All change is hard. Neighbors eventually leave. New families move in, taking advantage of the good schools and prime location. Who can blame them? But we already miss our quiet and the working class feel of our spot. What this means for us in the shorter and longer run will soon reveal itself.

The sons continue on. Moving forward in their jobs with possible newer prospects on the horizon. What this means for  them in the shorter and longer run will soon reveal itself.

The responsibilities of my job will be changing at the end of the month. What this means for me and for future job prospects elsewhere will soon reveal itself.

All of what we are experiencing is the natural flow of life. We try not to fight it. We stay positive. Old anxieties creep in, of course. But Heaven knows we have had it so much worse (and this is not bad at all, it is all good, good, good). That helps keep everything in perspective and gives me the energy and wisdom to be there for others.

It is my turn to pay it forward. To give back to others when others gave back to me all those years ago. Good and loving friends are experiencing tough upheavals and wrenching turmoil in their lives presently. I can identify with their pain. I am witness to how it changes both their inner and outer selves, as at one time that was me. Their children were my children.

I wish I had a magic wand. Saying it will get better seems trite and untrue.  Better how? They wonder and worry and grow weary by the moment. It is hard to be present when your past feels like a lie and your future appears bleak. You not only feel like life has gone sideways; you feel sideswiped.

When yet another problem arrived at my doorstep, my father would tell me that it was just another rock in the road that I needed to move. Sometimes those stones were pebbles and sometimes they were boulders. Looking back (and yes  forward, there will be more!), I have come to understand that those obstacles became the foundation for my new life. They didn’t break me. I fashioned them in the form of hope and an inner strength that I never knew existed.

My friends far and wide and those near and dear, you are in my heart and mind as I write this meditation. Stay strong. Be well. Look up for inspiration. The Universe has a message just for you.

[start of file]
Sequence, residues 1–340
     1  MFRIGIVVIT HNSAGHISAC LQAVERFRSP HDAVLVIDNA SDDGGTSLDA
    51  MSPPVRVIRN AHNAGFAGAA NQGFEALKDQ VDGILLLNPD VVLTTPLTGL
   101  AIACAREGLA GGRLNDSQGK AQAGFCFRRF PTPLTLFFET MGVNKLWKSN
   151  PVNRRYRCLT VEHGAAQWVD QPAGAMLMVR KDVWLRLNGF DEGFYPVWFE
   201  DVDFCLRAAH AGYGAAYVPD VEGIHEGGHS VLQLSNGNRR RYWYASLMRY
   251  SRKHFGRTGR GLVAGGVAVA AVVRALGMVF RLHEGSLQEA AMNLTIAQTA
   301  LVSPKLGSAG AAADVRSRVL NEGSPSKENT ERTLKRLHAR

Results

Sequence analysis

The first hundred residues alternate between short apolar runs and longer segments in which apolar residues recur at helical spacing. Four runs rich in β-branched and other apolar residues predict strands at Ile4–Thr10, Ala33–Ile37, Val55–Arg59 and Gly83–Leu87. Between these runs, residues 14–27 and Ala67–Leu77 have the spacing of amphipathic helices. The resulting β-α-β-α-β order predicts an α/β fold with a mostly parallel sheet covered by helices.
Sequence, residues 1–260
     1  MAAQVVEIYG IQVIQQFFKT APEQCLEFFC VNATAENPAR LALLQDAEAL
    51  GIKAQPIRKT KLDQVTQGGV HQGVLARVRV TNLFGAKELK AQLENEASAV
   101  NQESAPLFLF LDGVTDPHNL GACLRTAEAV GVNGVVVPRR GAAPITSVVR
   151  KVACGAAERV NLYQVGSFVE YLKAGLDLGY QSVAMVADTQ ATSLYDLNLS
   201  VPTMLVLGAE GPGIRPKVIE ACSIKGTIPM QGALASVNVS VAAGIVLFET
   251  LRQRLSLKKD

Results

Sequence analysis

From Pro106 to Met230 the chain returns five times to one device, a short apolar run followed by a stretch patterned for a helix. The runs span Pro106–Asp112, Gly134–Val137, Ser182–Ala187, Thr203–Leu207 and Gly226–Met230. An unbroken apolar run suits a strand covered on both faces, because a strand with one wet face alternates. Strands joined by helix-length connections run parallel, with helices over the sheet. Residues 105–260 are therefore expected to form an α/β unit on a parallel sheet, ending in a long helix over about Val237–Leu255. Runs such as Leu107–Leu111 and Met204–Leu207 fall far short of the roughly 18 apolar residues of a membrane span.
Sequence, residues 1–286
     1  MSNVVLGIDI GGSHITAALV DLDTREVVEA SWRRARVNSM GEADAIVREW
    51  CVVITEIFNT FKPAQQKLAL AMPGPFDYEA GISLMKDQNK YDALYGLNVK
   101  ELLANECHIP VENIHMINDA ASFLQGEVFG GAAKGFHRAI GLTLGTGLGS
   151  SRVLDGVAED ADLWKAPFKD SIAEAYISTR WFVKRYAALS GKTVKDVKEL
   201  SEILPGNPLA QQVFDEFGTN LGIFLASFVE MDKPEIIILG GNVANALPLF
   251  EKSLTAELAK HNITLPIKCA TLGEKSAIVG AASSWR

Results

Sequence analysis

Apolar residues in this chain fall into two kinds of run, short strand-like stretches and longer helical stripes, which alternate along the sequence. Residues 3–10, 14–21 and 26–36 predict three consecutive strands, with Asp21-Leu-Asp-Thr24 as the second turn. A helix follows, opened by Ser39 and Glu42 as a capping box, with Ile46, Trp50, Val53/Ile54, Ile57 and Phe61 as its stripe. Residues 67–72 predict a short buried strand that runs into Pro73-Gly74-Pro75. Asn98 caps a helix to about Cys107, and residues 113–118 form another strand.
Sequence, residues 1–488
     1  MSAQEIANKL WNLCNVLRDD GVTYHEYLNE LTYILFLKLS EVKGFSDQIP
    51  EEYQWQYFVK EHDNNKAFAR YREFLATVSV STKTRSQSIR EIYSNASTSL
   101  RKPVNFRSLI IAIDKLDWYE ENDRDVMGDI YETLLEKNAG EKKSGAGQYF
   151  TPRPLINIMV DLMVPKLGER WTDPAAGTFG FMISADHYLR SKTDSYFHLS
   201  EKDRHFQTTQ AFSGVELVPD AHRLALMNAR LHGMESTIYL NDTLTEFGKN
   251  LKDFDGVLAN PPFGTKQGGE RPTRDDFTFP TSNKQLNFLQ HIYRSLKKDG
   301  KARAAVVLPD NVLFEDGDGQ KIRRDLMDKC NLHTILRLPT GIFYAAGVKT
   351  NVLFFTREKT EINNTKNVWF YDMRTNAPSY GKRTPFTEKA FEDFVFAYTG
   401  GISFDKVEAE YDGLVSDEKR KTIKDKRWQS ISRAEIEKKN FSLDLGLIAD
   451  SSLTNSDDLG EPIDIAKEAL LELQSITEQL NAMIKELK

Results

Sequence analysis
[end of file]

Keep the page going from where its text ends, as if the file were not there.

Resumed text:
The Summer I’d Like to Forget

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#FWF Free Write Friday: Are You Up For This?

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I’ve been debating with myself as to whether it is even worth writing about a decade old story. I have alluded to it in poetry ( Hidden Hunger ,Witness ) but never in memoir.

It is difficult to admit that there was a time that my family went hungry.  The details of how we arrived at our sorry state are way too complicated and frankly, too boring. Here are the highlights:

  • Husband gets fired-not laid off- from six figure job.
  • Husband decides to start own business causing significant decrease in income.
  • Wife works part-time while in a year-long clinical graduate program.
  • Wife told that her job must now carry the benefits, cutting her measly salary in half.
  • Wife told that since her job does not pay in summer, she must get full-time work and the children can stay home alone all day without mom and dad.
  • Wife is not able to get full-time job but finds work that keeps her away from home for just a few hours.
  • Wife’s tiny wages go to food.
  • Wife eats less to save food for kids.
  • Husband squanders all savings  and other finances while secretly making major purchases.
  • Wife tells no one about situation even though her parents live just eight miles away and her brother thirteen.